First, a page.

As a music teacher, you’re not just teaching children to play; sometimes you’re teaching parents to play nice! Some parents may be overly involved during class; some may not engage at all. Some parents will push their child too hard; others won’t practice a note after class. Some may have unrealistic expectations of you, the curriculum, or their child’s ability or progress. They may be critical of your teaching methods, the class schedule, or your payment policy. Bottom line – at some point in your Musikgarten teaching career you will come across an unpleased parent. But there are things you can do to prevent and smooth over issues before they get out of hand. After all, parents are your customers and you want to keep them coming back!
Here are a few smart ways to manage moms n’ dads, and keep your Musikgarten humming along in perfect harmony.
- Set Expectations Early! Discuss what is expected of parents, students, yourself and your staff. Provide written guidelines, a poster in your studio, or some type of expectations “contract.” Keep rules and consequences clear and concise. For example, how will you handle late payments? No payments? No-shows? Behavior issues? Iron it out now, before you’re put in a tough spot later.
- Communicate How To Communicate! Let parents know the best time(s) and preferred way(s) to contact you in person, via email and on the phone. Don’t feel obligated to give out your personal or cell phone number or to answer calls during dinner. If a parent wants your attention between busy back-to-back classes, let them know a better time to chat.
- Listen Up! Active listening is critical, especially if there’s a problem. Make eye contact, repeat what you’re hearing and ask for clarification where needed. Make sure you understand the issue before diving in with a solution. Even if a parent is voicing a complaint, wait until they finish to respond. The parent will feel respected and heard, they won’t feel the need to repeat it, and you’ll know the whole argument before you reply.
- No Time Like Now! Don’t let little things fester. Address a problem as soon as it arises and nip it in the bud. Encourage parents to voice their concerns promptly, too.
“One of the best tools in my tool box is a studio policy with very clear expectations for students and parents. I also try to keep the lines of communications open. I touch base with parents frequently through email, or one on one. That way we can nip problems in the bud before they become out of control. I have found that the majority of my families are respectful if you are clear about what you want.” -Paulette Amory, Early Childhood Music School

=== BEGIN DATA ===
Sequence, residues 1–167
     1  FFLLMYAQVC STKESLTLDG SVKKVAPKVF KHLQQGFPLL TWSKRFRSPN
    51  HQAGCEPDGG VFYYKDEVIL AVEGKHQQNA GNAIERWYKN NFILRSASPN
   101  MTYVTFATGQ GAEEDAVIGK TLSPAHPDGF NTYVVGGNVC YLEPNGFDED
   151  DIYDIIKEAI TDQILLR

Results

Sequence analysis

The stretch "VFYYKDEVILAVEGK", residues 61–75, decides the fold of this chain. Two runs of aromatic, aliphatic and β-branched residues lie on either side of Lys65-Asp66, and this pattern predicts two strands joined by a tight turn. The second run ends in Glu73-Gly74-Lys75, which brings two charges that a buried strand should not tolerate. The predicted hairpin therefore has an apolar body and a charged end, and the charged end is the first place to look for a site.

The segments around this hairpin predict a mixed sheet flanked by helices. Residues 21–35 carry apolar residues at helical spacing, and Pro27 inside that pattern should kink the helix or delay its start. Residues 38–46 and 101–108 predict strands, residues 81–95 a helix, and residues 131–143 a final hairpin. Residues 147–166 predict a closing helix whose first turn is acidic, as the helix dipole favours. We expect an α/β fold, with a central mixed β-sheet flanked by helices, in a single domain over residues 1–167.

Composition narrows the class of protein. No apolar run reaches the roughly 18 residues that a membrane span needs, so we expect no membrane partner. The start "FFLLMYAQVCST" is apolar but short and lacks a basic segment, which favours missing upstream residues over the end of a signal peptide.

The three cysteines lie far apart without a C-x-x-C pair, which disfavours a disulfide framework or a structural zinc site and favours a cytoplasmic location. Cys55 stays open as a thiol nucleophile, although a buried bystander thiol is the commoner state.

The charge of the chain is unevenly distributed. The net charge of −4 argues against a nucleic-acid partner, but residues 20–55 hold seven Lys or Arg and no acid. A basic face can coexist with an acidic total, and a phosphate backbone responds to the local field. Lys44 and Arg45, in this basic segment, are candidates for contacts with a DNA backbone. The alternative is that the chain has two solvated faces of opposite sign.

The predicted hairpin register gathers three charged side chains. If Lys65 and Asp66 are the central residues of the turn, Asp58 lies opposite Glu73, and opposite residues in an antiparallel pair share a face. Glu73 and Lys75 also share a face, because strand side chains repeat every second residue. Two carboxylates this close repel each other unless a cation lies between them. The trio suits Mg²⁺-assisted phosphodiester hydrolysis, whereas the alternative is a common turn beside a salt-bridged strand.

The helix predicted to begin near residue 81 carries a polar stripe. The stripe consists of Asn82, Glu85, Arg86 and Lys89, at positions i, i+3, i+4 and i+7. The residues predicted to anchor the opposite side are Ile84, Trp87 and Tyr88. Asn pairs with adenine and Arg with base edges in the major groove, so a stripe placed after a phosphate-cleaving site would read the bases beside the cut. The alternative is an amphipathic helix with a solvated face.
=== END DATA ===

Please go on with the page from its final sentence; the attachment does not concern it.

- Do The Math. If you have a problem with one parent, address that parent one-on-one. If you’re having the same problem with many parents (e.g. lots of families in the habit of arriving late or lingering too long after class), then address it as a group or in an email as a “friendly reminder.”
- Focus On Facts, Not Feelings. Having a heated discussion? Keep personal feelings out of it. Focus on the facts (“Your payments are consistently late…”) and the impact of those (“So I am not able to pay my staff promptly.”) but not personal feelings (“I feel like you’re taking advantage of me!”). If the problem is with a child’s behavior, focus on the behavior and the impact of that behavior. Then involve mom and dad in the solution. For example, “I had to remind Parker to stop throwing instruments five times today. It’s disruptive to the rest of the class and I know it’s not fun for Parker. How can we work together to help him?”
- Follow Up, Fast! Document important conversations and solutions immediately in an email to the parent. Then, if the solution seems to be working, let the parent know and thank them so they know you’re paying attention. If the problem continues, you’ll have a handy record of your attempts to remedy – especially important in the case of payment or behavior issues.
- Be Consistent! Don’t play favorites or give preferential treatment such as discounts or allowing disruptive behavior to go unchecked. Even if close friends or family join your class, treat everyone equally.
- Anticipate Conflicts. Don’t be surprised – or take it personally – when a parent isn’t happy about something. As the saying goes, you can’t please 100% of the people, 100% of the time. All you can do is listen empathetically and respond with respect and professionalism. So be kind as kind to yourself as you are to your customers!
- Ask For Feedback. Once a quarter, ask parents to provide specific, constructive feedback about you and your studio either in the form of a free survey or email. This shows parents that you truly care about their opinions and gives them the opportunity to be heard.
Tell us teachers, how do you manage parents? Share your questions, thoughts, ideas, and advice with us here.